02 Sep 2015

How to choose the perfect cooker hood

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With so many well-engineered extractor hood options available, choosing the right one for your kitchen might seem an overwhelming task. Danny Lay, Sales Director at appliance specialist Caple, offers expert advice to help you specify the right hood.

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First of all, consider how powerful you need your extractor hood to be. While the type of food you cook, as well as how regularly you cook it, will help you to determine this, it is important that you don’t forget to factor in the size of the room you have as this will determine the power of the motor you require.

To be effective, a hood must be powerful enough to change the air in the room 10 times an hour. To determine this, first you must calculate the volume of your room. This figure can be worked out by multiplying the room’s length by its width and height. For example, a kitchen that is 4 x 4 x 2.5 meters has a volume of 40m³. This room volume figure is then further multiplied by 10 to obtain the optimum rate of airflow for that room, based on the need to change the air ten times an hour. Therefore a kitchen of 40m3 x 10 = 400 – this means it would require an extraction rate of 400m³/h for a cooker hood to clean the air efficiently.

There is a cooker hood to suit every kitchen and culinary need, from integrated, conventional or wall chimney to island chimney, built-under or downdraft. Choose from ducted – where moisture, grease and smells are taken outside via a vent through an external kitchen wall – or recirculated – which sucks the air back into the hood before cleaning it and recirculating it back into the kitchen. Both come with pros and cons. For example, a ducted version will require more building work and therefore costs will need to be considered because venting will need to be installed from the extractor through to the outside wall. If you buy a hood with recirculation, you will need to buy charcoal filters every six months to keep your appliance working at optimum efficiency.

Kitchen design plays a big part in the type of extractor you choose. For example, as open-plan living continues to rise, downdraft hoods have become more popular as they sit flush to the work surface when not in use and rise into position to create a spectacular cooking platform when entertaining. These appliances can be engineered to achieve high extraction rates with perimetrical extraction, which will lower sound levels and increase the pressure resulting in improved motor performance. A downdraft will be placed in an island unit or under a wall cabinet on the worktop and is out of sight when not in use, whereas a hood extractor will need to be placed above the cooktop so this will determine the type that is chosen.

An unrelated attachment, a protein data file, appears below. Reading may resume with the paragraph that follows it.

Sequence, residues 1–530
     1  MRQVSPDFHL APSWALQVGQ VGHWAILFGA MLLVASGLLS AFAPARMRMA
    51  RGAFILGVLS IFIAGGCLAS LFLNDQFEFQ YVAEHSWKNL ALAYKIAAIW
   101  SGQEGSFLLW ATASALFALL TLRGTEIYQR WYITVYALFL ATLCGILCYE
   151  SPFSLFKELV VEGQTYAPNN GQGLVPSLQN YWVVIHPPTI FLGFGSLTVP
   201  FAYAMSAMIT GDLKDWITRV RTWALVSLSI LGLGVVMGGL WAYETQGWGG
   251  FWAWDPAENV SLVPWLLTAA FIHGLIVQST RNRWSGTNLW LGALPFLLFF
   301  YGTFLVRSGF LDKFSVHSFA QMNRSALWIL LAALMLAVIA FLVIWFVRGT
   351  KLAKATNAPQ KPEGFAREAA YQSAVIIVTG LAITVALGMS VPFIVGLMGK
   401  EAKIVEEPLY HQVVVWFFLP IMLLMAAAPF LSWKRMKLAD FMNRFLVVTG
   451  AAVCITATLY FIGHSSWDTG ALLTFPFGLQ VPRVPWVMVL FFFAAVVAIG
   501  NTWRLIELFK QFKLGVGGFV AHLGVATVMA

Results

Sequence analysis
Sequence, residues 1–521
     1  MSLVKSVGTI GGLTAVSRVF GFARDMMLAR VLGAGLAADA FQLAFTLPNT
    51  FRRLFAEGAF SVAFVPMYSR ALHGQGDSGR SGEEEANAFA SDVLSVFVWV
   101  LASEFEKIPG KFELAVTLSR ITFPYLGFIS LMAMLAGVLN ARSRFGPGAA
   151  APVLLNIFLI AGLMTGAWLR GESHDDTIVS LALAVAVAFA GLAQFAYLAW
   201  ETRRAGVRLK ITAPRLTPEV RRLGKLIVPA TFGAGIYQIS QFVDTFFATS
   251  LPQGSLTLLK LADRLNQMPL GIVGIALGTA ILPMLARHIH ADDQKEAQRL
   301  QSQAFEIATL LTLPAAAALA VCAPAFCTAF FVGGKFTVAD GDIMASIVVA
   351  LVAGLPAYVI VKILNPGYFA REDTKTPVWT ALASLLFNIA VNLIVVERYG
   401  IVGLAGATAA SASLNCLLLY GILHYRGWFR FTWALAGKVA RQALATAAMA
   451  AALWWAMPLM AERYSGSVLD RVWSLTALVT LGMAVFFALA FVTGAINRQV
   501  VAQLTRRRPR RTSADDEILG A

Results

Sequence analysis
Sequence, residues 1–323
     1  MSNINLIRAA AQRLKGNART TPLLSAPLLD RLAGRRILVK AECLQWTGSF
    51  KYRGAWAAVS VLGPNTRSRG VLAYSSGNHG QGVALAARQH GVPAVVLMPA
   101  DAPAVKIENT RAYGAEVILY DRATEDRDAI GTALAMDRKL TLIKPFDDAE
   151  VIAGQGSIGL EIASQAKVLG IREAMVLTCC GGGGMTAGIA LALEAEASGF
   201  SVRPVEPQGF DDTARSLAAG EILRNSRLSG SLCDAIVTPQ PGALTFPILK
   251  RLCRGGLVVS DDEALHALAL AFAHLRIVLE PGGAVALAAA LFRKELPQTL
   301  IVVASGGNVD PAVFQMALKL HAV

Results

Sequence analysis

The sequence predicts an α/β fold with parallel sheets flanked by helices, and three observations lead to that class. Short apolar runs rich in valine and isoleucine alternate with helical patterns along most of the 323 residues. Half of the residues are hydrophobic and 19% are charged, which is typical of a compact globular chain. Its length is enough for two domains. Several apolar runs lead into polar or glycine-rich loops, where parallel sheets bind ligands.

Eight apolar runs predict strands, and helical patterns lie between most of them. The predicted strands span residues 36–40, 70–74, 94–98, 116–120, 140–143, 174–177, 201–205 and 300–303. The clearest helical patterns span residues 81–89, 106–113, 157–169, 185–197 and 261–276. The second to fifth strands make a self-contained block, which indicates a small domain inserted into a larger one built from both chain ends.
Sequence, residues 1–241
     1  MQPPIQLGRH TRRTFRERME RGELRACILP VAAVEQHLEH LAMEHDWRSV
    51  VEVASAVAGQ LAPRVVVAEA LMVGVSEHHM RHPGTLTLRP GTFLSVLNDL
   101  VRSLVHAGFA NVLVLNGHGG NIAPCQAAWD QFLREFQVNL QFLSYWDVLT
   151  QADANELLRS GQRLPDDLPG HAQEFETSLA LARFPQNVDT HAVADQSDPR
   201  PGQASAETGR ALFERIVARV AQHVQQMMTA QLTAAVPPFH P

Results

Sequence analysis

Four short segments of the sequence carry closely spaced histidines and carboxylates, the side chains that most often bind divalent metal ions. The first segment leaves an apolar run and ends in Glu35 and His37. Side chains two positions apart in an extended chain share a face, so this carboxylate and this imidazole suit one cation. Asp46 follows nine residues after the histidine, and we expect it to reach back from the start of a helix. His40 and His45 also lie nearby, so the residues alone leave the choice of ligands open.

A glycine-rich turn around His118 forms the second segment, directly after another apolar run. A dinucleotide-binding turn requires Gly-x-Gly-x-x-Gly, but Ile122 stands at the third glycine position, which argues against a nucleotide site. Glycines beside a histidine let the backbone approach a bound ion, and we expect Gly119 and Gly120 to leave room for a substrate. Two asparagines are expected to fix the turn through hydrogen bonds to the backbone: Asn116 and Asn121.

Individual tastes

A statement hood makes a stylish addition to a modern kitchen. These days, cooker hoods have become fashion statements due to the creativity from product designers, lifestyle changes – where more time is being spent in the kitchen – and the introduction of raw materials, such as stainless steel and glass. Copper has become an incredibly popular colour and island hoods finished in copper is the latest trend for the home, making a striking feature if you are looking for the wow factor in your kitchen, whilst keeping the air free from cooking odours and grease.

Ceiling hoods are the least intrusive models and will suit a minimalist kitchen design perfectly. You can even buy models that will fit flush to the ceiling without the need to negotiate ceiling joists, making this a cost-effective and easier method of installation.

The latest cooker hoods are more powerful than ever but still have the ability to run incredibly quietly, which is perfect for a busy kitchen that is used by the family and for entertaining purposes. Demand for quieter appliances is growing as the trend for open-plan kitchens increases. An extremely quiet extractor can be switched on when you cook food for family and friends, meaning odours will be removed without distracting conversation.

Look for a motor choice that has been engineered to achieve extremely high extraction rates of at least 1000m³ per hour. Perfect for providing task lighting and illuminating the cooking/food preparation area below, or ambient lighting when not in use, extractors can also act as a valuable light source within the kitchen, with low energy, LED lights and halogen lighting currently proving popular.

If you’re planning to position your hood above your hob, make sure the width of both appliances matches. In general, a minimum of 750mm is best above a gas hob whereas 650mm will be required for a ceramic or induction hob, however it is always best to check with the manufacturer.

To achieve the best results when using whichever extractor you choose, we recommend switching on the extractor 15 minutes before cooking and to leave it running 15 minutes after you have finished. This will ensure that the air in the kitchen is being circulated before cooking commences and the air continues to be cleaned for a short while after, giving you the best results.

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